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Famous last words

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“Harry Beltik?”

“Speaking. Wait, is this Beth?”

“Yeah. Hi.”

“Hi,” said Harry. “Congratulations. I should have called."

“Don’t worry about it,” said Beth. “I’ve had so many calls. I should have thanked you properly.”

“It’s fine. You’ve had a lot going on. You all right?”

“Better than ever.”

“That’s really good. That’s really good to hear.”

“Thanks. Actually, I’m calling to ask a favour,” said Beth.


“I know. It's not very polite.”

“Depends on the favour,” Harry said. “I’m not sure how I can help. What do I know? Benny had the right answers, not me. Still. That was mostly you.”

“I couldn’t have done it without you. All of you. But it’s not about chess,” Beth said. “It’s something else.”

“That’s a first."

“Ha, ha. Where are you?”

“Home. Quiet day, isn’t it?”

“Let’s meet somewhere, for coffee. Let me get it, my way of saying thank you.”

“Oh, I’ve had my coffee already. But, you know me,” Harry smiled. “Could always use that extra cup.”

They met at Blue Diner, on Blue Avenue. It wasn’t known for its coffee. It was known for its sandwiches. But it was 3pm on a Sunday, and neither of them were particularly hungry.

Beth had been making a list when Harry showed up. Her heart squeezed a little when she saw him; she hadn’t reunited with an old friend since Townes. She stood, and Harry wrapped his arms around her warmly.

“Hey, grandmaster,” he said, still holding her. “It’s good to see you again. You look well.”

“I’m well,” Beth grinned. “You look good, too.”

“I don’t mind hearing that,” Harry said. He sat down across from Beth. He had a pair of glasses on, which Beth hadn’t seen him wearing before.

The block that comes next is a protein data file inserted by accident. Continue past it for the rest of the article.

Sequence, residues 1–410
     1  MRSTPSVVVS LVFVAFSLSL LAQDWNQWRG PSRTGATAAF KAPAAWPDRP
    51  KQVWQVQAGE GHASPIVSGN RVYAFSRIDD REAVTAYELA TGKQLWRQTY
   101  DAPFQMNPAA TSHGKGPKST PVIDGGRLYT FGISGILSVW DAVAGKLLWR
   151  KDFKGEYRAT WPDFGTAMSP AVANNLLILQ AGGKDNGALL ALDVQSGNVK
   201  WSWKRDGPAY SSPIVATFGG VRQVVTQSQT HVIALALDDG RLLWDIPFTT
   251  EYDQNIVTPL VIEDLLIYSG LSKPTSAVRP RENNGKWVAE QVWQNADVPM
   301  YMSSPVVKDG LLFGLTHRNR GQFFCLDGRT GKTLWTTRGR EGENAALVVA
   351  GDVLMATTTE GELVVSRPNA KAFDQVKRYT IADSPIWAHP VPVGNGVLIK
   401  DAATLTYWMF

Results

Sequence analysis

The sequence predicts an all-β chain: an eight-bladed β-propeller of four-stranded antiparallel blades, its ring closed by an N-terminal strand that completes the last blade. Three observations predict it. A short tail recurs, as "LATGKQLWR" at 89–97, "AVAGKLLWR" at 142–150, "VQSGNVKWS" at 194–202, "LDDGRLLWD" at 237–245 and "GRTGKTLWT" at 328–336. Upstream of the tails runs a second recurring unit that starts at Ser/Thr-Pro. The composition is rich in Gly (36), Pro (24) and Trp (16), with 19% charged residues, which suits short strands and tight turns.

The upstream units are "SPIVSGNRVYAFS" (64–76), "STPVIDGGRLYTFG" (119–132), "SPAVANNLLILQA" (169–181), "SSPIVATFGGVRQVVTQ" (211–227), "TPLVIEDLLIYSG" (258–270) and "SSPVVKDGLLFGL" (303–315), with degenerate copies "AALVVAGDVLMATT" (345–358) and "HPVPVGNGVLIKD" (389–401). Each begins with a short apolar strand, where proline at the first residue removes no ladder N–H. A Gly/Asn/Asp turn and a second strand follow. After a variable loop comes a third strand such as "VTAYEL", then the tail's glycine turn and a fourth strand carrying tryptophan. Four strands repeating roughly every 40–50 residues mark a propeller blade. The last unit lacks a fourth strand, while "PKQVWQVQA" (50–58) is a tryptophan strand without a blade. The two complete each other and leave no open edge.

“So, here we are. What are you working on?”

“Oh, nothing. It’s just a grocery list.”

“Nice. Gotta crack those eggs.”

Beth nodded, and changed the subject. “Have you been enjoying the weather?”

“It’s been lovely. Unfortunately, I’ve been inside a lot. Studying.”

“Still doing the whole college thing?”

“Pretty much. I’m starting to think I made the wrong career choice.”

“Oh no,” said Beth. “Seriously?”

“Probably should’ve stayed a chess master after all,” Harry laughed. “Nah, it’s all right. I hate it, and it’s difficult. But it’s all right.”

“Oh, all right. Good.”

“Hm. So, coffee?”

“I ordered a latte. It’s good. Do you want the same?”

“No,” said Harry. "Usually, I'll have espresso."

“No? Have you ever had a latte before?”

"I’m over putting milk in it. I’ll take it black.”

Beth was taken aback. “What’s the difference? The coffee isn’t that good.”

“I know, believe me."

“Okay,” said Beth. “It’s not that bad.”

“There’s better. There’s a place just around the corner.”

“Maybe you can show me, since you know it so well,” Beth said, suddenly annoyed.

“Sure, if you want,” Harry crossed his arms. “I’m passionate about it.”

“Of course you are.”

“I can’t go a day without it.”

“That doesn’t sound healthy,” said Beth.

“It’s better than some things,” said Harry pointedly.

Now Beth was angry.

A waitress came to their table, and Harry said, “Black coffee, please.”